I would not advise bringing your pram to the Vatican, as you will struggle with lugging it around the narrow streets, but we did see people bringing them, so it’s up to you.
You will not be able to get into the Sistine Chapel as the entrance is quite narrow and there’s nowhere to store prams whilst at the museums, and a huge queue to get in, so if you do bring the pram, you have to leave it outside at your own discretion.
You can take a wheelchair in as there is a lift to take wheelchairs down to the Sistine Chapel.
The best way to get around Rome is on foot.
Depending on where you end up staying, you might not even end up taking the trains as Rome is so compact, but if you do want to take public transport, you can either buy a:
- a single ticket for €1.50
- a 24-hour pass for €7.00
- a 48-hour pass for €12.50
- a 72-hour pass for €18.00.
With the Roma Pass, as I mentioned above, transport is included in the price.
The only time we really took the trains was to come into the city on the Leonardo Express, which is a separate cost.
Then we took a train to the Vatican, and then to Rome Mosque as both are outside of the main city.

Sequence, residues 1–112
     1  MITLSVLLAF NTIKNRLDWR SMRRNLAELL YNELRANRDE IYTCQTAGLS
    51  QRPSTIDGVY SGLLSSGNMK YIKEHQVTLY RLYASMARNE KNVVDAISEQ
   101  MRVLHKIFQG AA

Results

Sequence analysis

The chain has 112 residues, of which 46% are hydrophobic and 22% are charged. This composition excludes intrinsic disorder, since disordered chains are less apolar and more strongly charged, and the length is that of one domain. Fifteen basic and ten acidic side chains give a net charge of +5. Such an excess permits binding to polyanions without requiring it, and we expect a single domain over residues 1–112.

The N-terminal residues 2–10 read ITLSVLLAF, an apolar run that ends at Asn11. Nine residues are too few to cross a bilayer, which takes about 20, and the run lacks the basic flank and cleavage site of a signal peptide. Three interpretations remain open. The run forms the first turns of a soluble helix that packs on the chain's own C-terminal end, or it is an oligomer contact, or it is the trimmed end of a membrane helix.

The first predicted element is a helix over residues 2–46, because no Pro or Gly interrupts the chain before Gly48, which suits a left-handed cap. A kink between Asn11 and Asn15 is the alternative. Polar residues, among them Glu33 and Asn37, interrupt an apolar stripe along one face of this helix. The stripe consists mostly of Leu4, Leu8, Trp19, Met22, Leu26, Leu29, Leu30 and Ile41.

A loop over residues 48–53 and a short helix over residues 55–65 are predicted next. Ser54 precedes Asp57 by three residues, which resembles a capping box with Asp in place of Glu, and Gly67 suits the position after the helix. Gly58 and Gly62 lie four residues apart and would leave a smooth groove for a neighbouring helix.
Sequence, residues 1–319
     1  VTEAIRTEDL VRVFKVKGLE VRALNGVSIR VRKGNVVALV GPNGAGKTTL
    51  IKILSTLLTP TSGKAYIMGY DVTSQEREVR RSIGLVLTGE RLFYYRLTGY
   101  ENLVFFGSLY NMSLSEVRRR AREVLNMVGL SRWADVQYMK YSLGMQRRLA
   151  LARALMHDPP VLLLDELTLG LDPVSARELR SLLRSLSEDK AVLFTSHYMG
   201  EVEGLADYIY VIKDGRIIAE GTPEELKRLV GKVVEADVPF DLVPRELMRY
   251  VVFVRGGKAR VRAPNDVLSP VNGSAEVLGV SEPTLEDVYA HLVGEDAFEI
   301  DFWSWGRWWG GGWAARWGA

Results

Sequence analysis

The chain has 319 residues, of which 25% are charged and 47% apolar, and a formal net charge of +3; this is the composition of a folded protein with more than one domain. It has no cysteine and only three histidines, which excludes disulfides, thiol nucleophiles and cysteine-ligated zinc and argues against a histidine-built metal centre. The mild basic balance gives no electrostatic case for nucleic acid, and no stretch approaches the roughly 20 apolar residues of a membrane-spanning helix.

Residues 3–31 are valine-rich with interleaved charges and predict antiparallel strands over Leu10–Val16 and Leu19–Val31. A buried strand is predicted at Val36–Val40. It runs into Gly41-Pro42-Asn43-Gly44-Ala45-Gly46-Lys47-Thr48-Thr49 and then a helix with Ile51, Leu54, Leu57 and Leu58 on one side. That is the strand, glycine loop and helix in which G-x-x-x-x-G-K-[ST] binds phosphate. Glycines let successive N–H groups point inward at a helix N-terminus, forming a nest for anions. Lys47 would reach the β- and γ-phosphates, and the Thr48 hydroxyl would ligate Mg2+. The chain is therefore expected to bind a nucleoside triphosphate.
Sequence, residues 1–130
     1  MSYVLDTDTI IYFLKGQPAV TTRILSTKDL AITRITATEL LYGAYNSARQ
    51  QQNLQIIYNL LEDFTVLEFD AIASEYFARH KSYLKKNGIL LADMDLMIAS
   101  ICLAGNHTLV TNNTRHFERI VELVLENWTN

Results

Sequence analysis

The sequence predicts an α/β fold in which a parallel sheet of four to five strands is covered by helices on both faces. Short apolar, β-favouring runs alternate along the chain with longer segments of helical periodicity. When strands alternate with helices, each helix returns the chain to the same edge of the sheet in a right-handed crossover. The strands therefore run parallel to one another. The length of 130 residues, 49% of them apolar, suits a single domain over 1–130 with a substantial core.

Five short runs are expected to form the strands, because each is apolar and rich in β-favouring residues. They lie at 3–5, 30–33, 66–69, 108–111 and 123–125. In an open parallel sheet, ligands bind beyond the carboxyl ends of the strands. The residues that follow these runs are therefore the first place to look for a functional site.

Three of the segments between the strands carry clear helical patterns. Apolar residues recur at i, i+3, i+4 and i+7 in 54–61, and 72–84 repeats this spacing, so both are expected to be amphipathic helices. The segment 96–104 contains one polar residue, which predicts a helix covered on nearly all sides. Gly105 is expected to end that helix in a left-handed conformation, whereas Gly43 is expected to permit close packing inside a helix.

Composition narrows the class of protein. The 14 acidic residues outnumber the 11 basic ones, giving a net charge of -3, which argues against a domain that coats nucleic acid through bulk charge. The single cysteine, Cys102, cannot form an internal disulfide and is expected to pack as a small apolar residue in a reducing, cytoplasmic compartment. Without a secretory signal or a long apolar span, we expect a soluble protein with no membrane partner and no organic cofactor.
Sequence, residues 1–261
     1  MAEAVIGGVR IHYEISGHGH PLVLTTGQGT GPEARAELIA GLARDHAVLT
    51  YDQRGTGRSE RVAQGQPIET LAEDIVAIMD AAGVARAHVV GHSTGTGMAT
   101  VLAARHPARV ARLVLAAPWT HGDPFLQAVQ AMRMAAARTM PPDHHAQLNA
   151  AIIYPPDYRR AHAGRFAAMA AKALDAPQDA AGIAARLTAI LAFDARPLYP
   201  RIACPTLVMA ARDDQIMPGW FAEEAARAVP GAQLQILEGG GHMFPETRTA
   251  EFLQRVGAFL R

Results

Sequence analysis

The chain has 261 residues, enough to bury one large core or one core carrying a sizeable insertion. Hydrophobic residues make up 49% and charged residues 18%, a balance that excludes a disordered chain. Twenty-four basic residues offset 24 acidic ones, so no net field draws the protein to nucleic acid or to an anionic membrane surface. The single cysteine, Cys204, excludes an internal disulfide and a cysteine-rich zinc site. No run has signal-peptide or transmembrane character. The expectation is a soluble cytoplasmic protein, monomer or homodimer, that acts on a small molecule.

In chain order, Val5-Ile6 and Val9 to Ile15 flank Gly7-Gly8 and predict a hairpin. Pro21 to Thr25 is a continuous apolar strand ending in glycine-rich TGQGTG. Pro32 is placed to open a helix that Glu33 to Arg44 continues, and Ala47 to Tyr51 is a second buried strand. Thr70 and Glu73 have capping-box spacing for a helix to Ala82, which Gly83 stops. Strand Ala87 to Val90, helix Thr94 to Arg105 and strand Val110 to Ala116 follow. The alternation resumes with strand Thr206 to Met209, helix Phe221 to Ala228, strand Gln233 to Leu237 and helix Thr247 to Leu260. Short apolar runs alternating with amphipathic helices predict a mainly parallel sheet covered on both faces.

Children under 10 are free on all public transport systems.
Plan your trip to Rome as a Muslim and leave enough time to get to and from the major sites as train stations can be a walk away from the sights.
We didn’t get any stares or abuse on public transport Alhamdulillah (praise be to Allah), but always be wary of your belongings when boarding or on a crowded train or bus.
VISIT A CITY
Ever since we got married and spent our first Anniversary in Paris, I’ve been utilising Vist a City to plan our trips.
Visit a City will help you plan sights for all major cities and sights including travel time and how long to give to each place.
It’s free to use and now includes an app for you to download your itinerary online.
Plan your trip to Rome as a Muslim by including Rome Mosque on the list of your itinerary. It doesn’t appear automatically, but you can add it in by copying the address and it will work out the travel time from the sight you’re departing from.
Google Maps is going to be your best friend when travelling so do download it to help you navigate the city.
Learning a few basic Italian phrases will help you garner smiles from the locals.
Downloading Google Translate will help you to decipher menus and make sure you’re not buying anything with Alcohol, which we almost did when buying gifts!
It has a wonderful feature which utilises your phone camera to live translate packaging on food and menus as well as showing to people if you can’t get your point across clearly.
Please stay tuned for Part 2, in which I discuss how to pack for your trip to Rome!